By Terri
Format:Kindle Edition|Verified Purchase
The details about penquin habits were interesting. I enjoyed learning about the scientific research of the penquin colony. But the human characters in the book did not ring true to me. I seem to be in the minority, but I was not blown away by this book.
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11 of 11 people found the following review helpful
4.0 out of 5 stars Great, with patience (on Kindle) February 11, 2012
Format:Kindle Edition|Verified Purchase
The second half of this story was thrilling and had a very satisfying ending. But I have to admit I almost didn't make it. The story started out fine, good character development, a little bit of mystery, warm and humorous tidbits. But then some new characters were introduced rather clumsily and the story seemed to stall a bit. The Ethan character just didn't ring true so I put it aside for a few days. Then I started to feel curious where it might go so I picked it back up. I'm glad I did. The pace picked up considerably in the second half and the author did a good job of bringing different story arc's together for an exciting conclusion. Glad I read it.
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Most Recent Customer Reviews
4.0 out of 5 stars Interesting story
Mix in some animal rights activists, government agents, some intrigue, a love interest and a few twists and you have The Tourist Trail. Read more
Published 3 months ago by CC56BUMS
4.0 out of 5 stars Different and engrossing
There are a number of reviews so I will be brief and to the point.

There are four main characters with four separate stories that the author brings together into a... Read more
Published 5 months ago by Robert Krueger
4.0 out of 5 stars Great Book
I liked this book because it gave a good idea of how people that volunteer for research projects, Green Peace type work, etc. live and stand up for their passions.
Published 5 months ago by Cynthia P. Henderson
5.0 out of 5 stars Fantastic Read!
I had not read a really good book in a long time until this one! This is one of those books that is hard to put down... Read more
Published 6 months ago by J. Russell
3.0 out of 5 stars ebook
I love that I can get free books for my Kindle. I haven't read it yet, but it sounded interesting and i hope one day to read it.
Published 7 months ago by Beverly
3.0 out of 5 stars Entertaining and quick read
This book was interesting and a fast read. It was certainly entertaining, but the story wasn't developed enough for me to give it more than three starts. Read more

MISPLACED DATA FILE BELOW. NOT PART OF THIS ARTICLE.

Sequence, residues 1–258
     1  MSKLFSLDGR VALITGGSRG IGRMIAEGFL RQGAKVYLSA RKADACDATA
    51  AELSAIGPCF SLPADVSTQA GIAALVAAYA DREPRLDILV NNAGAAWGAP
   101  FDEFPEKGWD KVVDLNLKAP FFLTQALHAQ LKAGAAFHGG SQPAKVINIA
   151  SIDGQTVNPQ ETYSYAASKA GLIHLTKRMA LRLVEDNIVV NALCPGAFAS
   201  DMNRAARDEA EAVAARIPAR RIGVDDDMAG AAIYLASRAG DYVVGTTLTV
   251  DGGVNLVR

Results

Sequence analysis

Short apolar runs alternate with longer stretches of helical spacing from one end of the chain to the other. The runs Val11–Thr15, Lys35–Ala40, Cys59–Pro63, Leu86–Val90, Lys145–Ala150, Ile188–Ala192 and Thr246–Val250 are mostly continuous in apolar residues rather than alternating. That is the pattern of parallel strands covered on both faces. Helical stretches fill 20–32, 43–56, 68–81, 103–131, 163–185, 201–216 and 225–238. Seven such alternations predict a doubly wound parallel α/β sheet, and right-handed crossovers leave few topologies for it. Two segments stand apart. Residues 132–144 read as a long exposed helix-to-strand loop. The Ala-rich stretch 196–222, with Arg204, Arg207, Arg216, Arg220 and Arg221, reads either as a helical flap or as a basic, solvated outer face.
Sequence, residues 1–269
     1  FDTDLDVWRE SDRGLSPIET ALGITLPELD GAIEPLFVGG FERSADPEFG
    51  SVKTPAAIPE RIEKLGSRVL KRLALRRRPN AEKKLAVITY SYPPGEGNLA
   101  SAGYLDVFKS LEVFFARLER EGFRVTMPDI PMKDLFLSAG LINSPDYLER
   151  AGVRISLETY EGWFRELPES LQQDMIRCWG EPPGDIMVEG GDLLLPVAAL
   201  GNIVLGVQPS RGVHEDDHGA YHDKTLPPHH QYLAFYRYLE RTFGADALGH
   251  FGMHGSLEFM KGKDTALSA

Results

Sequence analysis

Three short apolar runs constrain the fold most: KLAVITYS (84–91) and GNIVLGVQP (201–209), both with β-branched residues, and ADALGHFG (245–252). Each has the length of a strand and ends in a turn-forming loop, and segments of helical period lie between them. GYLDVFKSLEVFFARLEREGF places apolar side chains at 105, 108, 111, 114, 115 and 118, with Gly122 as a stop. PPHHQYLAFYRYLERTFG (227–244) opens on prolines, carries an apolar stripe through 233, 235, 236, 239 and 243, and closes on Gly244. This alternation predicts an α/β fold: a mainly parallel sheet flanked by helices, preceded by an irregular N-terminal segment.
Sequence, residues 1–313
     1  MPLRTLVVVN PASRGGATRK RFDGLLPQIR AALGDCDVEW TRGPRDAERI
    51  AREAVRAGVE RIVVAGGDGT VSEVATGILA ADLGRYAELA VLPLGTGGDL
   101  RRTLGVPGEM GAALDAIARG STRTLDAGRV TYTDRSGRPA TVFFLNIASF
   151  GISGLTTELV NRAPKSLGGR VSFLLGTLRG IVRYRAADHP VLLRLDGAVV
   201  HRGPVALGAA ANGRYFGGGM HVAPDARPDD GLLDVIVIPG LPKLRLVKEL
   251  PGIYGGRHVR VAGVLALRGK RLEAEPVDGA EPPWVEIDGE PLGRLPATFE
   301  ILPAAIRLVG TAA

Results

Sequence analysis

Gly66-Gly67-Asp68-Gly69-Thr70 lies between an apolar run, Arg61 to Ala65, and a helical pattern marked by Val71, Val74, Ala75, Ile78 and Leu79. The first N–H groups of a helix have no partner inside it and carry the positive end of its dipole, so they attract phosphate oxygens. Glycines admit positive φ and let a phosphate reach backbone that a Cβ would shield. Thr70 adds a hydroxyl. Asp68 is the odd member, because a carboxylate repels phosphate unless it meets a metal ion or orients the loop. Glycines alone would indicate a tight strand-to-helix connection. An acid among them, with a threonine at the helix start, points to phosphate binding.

Published 10 months ago by Rachel Phillips
5.0 out of 5 stars Wonderful
This is a great book! It was wonderful to read about people trying to make a difference. I found it very inspiring.
Published 12 months ago by Esther de Jong
4.0 out of 5 stars unusual
A good read, set in an unusual location with enough twists and turns in the plot to keep my interest.
Published 12 months ago by pip hume
5.0 out of 5 stars Reading Melville? Take a break with this eco-thriller
A quick, clean read this romantic, eco-thriller tells the story of an FBI agent on the hunt for a charismatic eco-terrorist with a backdrop of penguin research in Patagonia and... Read more
Published 12 months ago by Shel Graves
3.0 out of 5 stars Enjoyed the penguins, not the humans
Mr. Yunker has a great story to tell and his writing is very clean; however, I felt no connection with any of the characters. Read more
Published 13 months ago by Angy
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More About the Author

John lives in Ashland, Oregon and is co-founder of Ashland Creek Press, an independent publisher devoted to animal rights and environmental themes. He is author of the novel The Tourist Trail and editor of the short-story anthology Among Animals: The Lives of Animals and Humans in Contemporary Short Fiction.

He's also a web globalization geek -- helping companies improve their multilingual websites. He believes that the Internet should be fully accessible to all people, regardless of where they live or what languages they speak. For more than a decade he has written about web globalization, including the landmark report The Web Globalization Report Card. He is author of The Art of the Global Gateway and The Savvy Client's Guide to Translation Agencies.